As it turns out, the timing was perfect. I felt much better within a few weeks. I returned to Tasmania, packed my bags and came out to the forest. Logging began that week, and so we launched the project just in the nick of time.

You might wonder why I have told you that story and think that perhaps it doesn’t really answer the question. But as I often do, I needed to give you some back ground detail about my life in order to explain what goes on up here. Sometimes when I sit quietly watching the forest I get a feeling of sadness. I know grief takes time, I know that it comes and goes. And sometimes it pops up unexpectedly. So I let it have its place, when it needs to. But what I wanted to say is that the forest for me is a place that heals because when I am quiet and I watch the forest, listen to it, take it in… I start to understand things about life that I just didn’t really grasp in the city.

To be here in this tree that has been growing for hundreds of years before I was born and potentially ( if we give it the chance) will stay standing long after I am gone….In some ways, it makes me feel insignificant. A small spec in time on this planet. Similar to how people feel when they look up into the stars and realise how tiny they are in comparison to the universe. But the feeling of insignificance isn’t a bad one. I like the way it makes me feel humble. And honored to share a moment in time with this forest. It changes the perspective of things in my life. That is not to say that the death of a dear friend is insignificant. Because every person matters and losing a friend is difficult. But one thing the forest has taught me about is the cycle of life and death.

Here you see trees grow old, begin to rot, fall over. It’s strange how the sound of a tree falling naturally in the forest is kind of exciting, and at Camp Floz we’d all love to go and have a look, see which one has fallen and where. It is very different from the loss of a tree before it’s time, at the hands of a chainsaw. When trees fall in the forest, they may die, but they do not stop being a part of the forest. They provide shelter and homes for animals, crucial to the survival of the entire ecosystem. They become a part of the soil, to produce the next generation of trees. They continue to hold their store of carbon. They live on forever, in some ways, recycling and returning their energy into the forest for its continuance. That is why sometimes it seems almost a tiny moment in time to talk of trees that are 400 years old, when really this forest has been evolving for so many thousands of years, each fallen tree regenerating the soil to make life for the next.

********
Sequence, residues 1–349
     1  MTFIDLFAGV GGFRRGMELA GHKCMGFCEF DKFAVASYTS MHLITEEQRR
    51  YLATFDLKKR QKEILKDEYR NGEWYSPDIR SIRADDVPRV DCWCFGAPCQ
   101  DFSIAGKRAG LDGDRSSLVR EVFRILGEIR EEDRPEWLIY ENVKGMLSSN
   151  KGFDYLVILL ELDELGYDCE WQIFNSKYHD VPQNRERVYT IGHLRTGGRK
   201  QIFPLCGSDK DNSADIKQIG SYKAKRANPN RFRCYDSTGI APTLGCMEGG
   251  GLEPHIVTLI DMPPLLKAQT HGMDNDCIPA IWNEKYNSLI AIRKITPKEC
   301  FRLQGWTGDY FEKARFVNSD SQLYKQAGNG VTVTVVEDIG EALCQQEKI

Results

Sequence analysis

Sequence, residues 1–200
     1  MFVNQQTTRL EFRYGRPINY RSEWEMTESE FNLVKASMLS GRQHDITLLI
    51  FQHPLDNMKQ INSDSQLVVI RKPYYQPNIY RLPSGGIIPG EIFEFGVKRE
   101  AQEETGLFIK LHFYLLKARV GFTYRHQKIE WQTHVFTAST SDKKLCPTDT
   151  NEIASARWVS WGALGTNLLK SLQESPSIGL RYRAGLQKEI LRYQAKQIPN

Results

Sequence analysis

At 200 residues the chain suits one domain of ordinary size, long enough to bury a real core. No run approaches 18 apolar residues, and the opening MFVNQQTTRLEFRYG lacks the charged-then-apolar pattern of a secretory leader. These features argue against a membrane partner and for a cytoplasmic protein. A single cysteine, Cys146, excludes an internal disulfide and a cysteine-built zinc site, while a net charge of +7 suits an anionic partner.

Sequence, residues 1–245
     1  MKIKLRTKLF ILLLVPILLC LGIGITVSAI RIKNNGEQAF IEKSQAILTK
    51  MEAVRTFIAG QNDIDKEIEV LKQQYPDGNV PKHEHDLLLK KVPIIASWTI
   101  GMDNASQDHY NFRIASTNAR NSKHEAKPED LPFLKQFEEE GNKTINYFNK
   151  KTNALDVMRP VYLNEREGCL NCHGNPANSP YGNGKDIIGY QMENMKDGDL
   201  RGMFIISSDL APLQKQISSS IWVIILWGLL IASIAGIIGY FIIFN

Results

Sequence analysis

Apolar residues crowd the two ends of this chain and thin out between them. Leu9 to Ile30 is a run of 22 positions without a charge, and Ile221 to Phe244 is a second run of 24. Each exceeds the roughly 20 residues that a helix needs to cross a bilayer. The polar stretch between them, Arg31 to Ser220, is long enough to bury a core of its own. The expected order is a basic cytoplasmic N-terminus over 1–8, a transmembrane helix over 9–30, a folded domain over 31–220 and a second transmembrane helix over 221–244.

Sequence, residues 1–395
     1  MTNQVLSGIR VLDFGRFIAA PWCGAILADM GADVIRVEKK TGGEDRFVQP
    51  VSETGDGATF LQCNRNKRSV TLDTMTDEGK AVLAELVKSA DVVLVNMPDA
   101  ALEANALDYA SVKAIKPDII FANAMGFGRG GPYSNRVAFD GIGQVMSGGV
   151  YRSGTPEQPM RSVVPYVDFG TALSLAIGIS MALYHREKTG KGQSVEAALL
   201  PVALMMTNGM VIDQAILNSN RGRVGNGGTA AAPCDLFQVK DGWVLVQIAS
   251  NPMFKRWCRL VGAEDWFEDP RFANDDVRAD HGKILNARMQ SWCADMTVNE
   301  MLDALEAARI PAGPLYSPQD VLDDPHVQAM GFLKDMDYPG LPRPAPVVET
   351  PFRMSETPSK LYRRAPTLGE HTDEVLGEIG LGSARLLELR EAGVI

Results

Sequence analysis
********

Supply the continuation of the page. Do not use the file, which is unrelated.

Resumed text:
Although it makes me feel humbled and insignificant, at the same time it gives me a feeling of importance. Because in the forest it is clear that everything matters. Everything has its place. From the tallest of trees to the tiniest of bugs. Every single thing is crucial to the survival of the whole, of each other. The interconnection of life is clear here.

And the thing about all these understandings I have come to see through living in the forest is; I don’t see them only in relation to “the forest” as something out there, separate from us. When I am in the forest I am a part of it as much as any of the other creatures here. And I realise that we all are, no matter where we live, a part of the earth’s ecosystem. The lessons of the forest are relevant to me because the forests’ life is my life. I am a part of the world; I will live and die like everything in this forest.